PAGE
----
Typically the Antarctic Oscillation alternates between phases about every month. But in the 1990s the positive phase occurred much more often, Schneider said. Without the influence of the Antarctic Oscillation, he said, it is likely the Antarctic would show the same kind of warming as the rest of the Southern Hemisphere. Before 1975, Antarctica appears to have warmed at about the same rate as the rest of the hemisphere, about 0.25 degree C per century. But since 1975, while the Antarctic showed overall cooling, the Southern Hemisphere has warmed at a rate of about 1.4 degrees per century.

"The second half of the 20th century is marked by really large variability. The periods of cooling correspond with a very strong positive Antarctic Oscillation," Schneider said. "The caution is that we don't fully understand the feedbacks between overall climate warming and the Antarctic Oscillation. But having the 200-year record is what convinces us that there is a relationship between Southern Hemisphere temperature changes and Antarctic temperature changes."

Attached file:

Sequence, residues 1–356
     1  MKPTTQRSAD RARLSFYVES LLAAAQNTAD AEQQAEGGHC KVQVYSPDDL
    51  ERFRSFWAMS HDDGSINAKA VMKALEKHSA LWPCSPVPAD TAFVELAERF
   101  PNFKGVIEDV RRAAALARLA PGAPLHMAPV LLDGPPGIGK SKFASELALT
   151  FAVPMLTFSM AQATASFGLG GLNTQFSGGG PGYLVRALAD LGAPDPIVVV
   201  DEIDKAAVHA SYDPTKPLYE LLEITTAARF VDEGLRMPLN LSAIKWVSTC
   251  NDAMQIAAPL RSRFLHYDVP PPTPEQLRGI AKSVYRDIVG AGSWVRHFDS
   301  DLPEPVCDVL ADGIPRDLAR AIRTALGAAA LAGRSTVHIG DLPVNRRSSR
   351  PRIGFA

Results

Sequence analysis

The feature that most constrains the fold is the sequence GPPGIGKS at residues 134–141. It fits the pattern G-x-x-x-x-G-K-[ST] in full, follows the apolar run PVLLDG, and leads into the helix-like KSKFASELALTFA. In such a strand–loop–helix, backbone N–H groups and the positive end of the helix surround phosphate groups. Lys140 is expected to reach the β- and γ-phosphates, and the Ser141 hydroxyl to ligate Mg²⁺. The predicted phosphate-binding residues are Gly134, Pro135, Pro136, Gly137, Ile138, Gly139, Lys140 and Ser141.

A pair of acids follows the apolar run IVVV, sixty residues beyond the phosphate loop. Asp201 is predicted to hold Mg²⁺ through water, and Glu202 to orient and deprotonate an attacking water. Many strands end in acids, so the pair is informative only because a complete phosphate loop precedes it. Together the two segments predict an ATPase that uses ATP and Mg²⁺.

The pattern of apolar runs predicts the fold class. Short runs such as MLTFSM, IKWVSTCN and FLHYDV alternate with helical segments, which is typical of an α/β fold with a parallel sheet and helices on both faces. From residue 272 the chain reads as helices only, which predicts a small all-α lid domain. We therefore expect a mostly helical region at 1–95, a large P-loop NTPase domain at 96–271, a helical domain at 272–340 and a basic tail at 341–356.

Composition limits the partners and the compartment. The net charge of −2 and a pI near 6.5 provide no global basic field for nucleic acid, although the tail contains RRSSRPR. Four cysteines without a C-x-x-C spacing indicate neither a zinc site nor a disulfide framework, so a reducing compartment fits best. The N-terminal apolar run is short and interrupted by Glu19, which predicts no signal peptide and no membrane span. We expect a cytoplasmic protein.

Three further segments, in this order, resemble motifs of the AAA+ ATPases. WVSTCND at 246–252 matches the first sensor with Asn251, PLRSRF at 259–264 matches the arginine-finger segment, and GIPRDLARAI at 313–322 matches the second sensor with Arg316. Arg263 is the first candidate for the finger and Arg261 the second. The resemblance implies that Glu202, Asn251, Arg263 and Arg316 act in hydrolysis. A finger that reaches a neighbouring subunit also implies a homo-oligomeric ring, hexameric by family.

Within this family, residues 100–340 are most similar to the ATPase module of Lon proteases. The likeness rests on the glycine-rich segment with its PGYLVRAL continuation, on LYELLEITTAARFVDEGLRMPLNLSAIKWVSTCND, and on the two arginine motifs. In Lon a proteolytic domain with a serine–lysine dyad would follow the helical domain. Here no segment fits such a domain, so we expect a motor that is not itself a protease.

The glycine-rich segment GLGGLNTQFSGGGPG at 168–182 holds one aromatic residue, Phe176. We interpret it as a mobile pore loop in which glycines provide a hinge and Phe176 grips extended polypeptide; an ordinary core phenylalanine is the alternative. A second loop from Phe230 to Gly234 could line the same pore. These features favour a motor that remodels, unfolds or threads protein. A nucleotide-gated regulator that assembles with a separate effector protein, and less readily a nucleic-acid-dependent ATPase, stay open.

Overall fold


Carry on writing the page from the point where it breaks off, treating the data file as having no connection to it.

He noted that other research has suggested that ozone depletion in the Southern Hemisphere is keeping the Antarctic Oscillation in its positive phase for longer periods.

Schneider began the work for his doctoral thesis and completed it as a post-doctoral researcher. Co-authors of the paper are Eric Steig, Schneider's thesis adviser, and Cecilia Bitz of the UW; Tas van Ommen of the Antarctic Climate and Ecosystems Cooperative Research Centre in Australia, Daniel Dixon and Paul Mayewski of the University of Maine and Julie Jones of the Institute for Coastal Research in Germany. The work was funded primarily by the National Science Foundation, with additional funding from the Scientific Committee on Antarctic Research and Australia's Cooperative Research Centre Program.